Haleyville Elementary invites community to join them to make Christmas brighter for nursing home residents


Haleyville Elementary School Student Council members are collecting donations to fill stockings for residents of Haleyville Health and Rehab. Shown from left, front row, student council officers Kam Bonner, public relations; Rylie Kate Johnson, president; Lydia Barnett, treasurer and Kamden Fuller, vice president. Shown back row are Elementary Principal Tammy Hatton, left, and Sharon Davis, one of the Student Council sponsors.

HALEYVILLE       - The student council at Haleyville Elementary School is about to make the lives of 45 residents at Haleyville Health & Rehab a little brighter, but they need the public’s help.
Student council members are working with Haleyville Middle School and the community, to collect specific items to fill stockings for HHR residents, which will be distributed to them on Thursday, Dec. 8, after school.  Wednesday, Nov. 30 is  the last day donations can be brought to the large, decorated box marked for Haleyville Health & Rehab located at the elementary school’s front desk.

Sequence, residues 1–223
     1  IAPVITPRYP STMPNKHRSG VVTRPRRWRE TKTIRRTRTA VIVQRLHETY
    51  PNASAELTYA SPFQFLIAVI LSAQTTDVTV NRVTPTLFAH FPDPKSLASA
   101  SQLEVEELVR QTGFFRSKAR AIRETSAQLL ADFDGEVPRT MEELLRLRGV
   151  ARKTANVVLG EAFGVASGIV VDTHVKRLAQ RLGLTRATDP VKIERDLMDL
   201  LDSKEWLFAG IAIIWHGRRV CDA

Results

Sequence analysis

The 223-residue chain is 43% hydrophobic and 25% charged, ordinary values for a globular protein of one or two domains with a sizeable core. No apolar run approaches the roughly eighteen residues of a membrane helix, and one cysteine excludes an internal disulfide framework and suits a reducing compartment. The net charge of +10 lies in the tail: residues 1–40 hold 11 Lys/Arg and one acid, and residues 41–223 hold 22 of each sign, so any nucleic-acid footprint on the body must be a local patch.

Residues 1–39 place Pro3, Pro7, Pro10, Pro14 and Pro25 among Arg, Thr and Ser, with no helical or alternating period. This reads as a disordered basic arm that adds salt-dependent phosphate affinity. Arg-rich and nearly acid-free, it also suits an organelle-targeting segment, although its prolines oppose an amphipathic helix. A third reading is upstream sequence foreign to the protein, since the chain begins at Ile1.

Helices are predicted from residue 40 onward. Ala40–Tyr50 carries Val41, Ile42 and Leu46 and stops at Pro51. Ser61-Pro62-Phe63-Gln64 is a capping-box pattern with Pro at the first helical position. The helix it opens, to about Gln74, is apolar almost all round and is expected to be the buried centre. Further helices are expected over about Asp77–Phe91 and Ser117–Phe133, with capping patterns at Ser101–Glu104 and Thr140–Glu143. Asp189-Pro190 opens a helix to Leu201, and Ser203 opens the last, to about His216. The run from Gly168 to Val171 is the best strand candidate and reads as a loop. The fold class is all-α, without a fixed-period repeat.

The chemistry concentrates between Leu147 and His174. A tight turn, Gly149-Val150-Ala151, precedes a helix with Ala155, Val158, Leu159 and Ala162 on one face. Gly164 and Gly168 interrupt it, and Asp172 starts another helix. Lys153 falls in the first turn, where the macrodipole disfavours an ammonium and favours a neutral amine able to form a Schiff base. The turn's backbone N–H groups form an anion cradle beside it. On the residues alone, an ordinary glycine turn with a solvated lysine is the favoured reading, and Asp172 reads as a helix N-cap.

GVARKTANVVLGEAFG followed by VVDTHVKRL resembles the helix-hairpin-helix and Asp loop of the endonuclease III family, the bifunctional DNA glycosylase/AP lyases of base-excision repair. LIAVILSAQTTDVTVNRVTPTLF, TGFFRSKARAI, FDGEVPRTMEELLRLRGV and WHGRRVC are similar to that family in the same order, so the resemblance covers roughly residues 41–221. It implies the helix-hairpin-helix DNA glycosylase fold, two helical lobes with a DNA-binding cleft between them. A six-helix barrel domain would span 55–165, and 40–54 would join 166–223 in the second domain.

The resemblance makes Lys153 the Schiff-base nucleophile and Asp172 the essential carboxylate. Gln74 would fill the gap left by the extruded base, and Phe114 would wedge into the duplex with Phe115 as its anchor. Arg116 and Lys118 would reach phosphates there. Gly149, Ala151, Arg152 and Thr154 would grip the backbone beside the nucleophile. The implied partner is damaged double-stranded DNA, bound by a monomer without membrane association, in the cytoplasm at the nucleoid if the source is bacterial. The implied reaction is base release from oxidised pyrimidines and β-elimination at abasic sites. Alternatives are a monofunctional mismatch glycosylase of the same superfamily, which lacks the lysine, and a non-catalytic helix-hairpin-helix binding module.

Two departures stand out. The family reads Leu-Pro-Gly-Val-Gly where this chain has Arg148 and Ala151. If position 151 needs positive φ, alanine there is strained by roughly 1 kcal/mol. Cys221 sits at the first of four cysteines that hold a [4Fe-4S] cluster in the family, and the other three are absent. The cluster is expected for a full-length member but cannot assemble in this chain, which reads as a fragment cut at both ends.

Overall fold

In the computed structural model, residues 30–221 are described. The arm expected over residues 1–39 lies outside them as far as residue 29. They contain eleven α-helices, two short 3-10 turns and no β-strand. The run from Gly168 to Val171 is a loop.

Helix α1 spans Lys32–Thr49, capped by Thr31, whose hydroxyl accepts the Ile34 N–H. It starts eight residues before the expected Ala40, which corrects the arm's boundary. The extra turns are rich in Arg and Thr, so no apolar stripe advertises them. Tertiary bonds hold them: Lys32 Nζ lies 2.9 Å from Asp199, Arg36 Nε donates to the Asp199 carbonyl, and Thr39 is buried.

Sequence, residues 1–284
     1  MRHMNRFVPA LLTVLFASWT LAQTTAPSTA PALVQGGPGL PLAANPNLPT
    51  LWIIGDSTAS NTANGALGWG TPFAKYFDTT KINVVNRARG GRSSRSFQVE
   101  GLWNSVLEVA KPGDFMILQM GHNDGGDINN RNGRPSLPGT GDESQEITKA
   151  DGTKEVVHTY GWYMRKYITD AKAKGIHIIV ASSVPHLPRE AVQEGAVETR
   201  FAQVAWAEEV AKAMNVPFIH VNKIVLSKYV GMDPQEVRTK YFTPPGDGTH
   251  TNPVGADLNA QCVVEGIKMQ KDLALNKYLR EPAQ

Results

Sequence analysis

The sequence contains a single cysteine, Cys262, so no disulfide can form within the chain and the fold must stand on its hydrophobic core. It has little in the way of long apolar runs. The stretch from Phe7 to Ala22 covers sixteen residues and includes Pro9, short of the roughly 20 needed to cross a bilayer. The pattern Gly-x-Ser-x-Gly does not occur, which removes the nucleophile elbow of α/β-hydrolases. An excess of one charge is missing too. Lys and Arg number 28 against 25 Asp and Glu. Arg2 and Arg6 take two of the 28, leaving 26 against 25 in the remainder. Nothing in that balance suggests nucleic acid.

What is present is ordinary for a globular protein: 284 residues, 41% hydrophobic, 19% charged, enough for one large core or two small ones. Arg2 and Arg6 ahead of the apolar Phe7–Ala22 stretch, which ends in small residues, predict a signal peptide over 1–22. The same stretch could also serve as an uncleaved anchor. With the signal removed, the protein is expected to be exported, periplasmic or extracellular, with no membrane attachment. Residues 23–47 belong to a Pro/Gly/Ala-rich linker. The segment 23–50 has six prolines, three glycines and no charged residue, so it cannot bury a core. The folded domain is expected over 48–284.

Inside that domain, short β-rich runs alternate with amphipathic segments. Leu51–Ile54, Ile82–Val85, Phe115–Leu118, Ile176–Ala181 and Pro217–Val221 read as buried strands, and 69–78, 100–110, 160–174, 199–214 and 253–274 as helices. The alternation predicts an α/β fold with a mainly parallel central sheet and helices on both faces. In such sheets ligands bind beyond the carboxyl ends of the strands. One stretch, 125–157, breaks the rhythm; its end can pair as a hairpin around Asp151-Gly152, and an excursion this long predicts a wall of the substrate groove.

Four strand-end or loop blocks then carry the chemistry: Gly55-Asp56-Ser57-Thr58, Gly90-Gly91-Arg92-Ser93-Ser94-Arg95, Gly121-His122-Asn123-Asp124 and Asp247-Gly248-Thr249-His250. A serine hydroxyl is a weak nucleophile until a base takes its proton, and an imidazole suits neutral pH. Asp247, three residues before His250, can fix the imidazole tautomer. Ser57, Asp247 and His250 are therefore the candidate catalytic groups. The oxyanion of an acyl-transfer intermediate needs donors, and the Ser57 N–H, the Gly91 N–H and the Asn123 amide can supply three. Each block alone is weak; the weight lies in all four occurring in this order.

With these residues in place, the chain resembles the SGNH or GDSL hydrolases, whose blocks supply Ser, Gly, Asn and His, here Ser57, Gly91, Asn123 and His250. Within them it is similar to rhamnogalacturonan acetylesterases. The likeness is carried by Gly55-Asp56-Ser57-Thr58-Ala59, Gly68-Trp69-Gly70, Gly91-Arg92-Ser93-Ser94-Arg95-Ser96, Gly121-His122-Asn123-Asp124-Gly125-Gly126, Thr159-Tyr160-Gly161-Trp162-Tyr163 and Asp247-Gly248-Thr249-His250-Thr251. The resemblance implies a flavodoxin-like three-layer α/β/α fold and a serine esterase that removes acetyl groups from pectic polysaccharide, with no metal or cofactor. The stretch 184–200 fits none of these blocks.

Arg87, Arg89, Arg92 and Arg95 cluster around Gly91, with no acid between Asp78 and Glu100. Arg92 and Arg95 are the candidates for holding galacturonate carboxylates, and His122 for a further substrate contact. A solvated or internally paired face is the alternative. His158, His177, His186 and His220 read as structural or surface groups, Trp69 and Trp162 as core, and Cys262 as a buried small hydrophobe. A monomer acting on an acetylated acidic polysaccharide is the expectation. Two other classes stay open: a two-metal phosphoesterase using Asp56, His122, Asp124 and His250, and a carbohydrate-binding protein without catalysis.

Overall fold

Donations can be dropped off during from 8 a.m. until 3 p.m.  Specific items being collected are puzzle books, lotions, toiletry items, soft chocolates, socks with grippers on the bottom for better traction, coloring books, crayons, door hangers, figurines and pencils.
“Any of those items help to entertain them, stimulate their brain for activities,” stated Elementary Principal Tammy Hatton.
“We felt like it brings us together with those that are in need,” Hatton added, “and it gives our students a sense of responsibility in giving to others.
“We talk about kindness every day,” Hatton continued. “This is just one token of kindness we want our children to understand and carry with them into their adult lives.”
Sharon Davis, one of three elementary student council faculty sponsors, noted the student council is about community service.
“It’s showing we’re thinking about them,” Davis said about the nursing home’s residents. “We want to involve the community in something we have not been able to really do in a while.”
“They may not have anyone who comes and sees them,” Davis said about the nursing home’s residents.

 

 


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